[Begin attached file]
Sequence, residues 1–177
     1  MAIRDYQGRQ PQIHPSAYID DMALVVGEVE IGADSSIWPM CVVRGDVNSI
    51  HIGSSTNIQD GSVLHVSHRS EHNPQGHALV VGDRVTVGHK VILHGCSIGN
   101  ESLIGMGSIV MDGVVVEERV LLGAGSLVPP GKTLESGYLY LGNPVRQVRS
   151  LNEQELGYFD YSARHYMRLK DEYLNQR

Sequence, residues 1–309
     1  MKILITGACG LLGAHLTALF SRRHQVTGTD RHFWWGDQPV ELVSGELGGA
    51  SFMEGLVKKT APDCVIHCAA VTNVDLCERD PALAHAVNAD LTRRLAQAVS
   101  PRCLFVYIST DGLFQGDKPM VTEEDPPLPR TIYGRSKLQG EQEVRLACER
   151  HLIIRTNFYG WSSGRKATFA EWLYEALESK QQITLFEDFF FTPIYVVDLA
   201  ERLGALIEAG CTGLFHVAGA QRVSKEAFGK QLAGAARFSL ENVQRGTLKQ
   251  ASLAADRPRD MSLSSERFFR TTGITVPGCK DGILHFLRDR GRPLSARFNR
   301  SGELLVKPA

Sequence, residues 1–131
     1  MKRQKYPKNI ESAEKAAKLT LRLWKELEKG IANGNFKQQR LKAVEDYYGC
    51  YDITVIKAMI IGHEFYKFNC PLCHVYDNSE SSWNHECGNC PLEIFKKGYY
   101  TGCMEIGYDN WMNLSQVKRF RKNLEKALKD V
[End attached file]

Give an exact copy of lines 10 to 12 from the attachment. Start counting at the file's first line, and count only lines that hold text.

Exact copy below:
   151  HLIIRTNFYG WSSGRKATFA EWLYEALESK QQITLFEDFF FTPIYVVDLA
   201  ERLGALIEAG CTGLFHVAGA QRVSKEAFGK QLAGAARFSL ENVQRGTLKQ
   251  ASLAADRPRD MSLSSERFFR TTGITVPGCK DGILHFLRDR GRPLSARFNR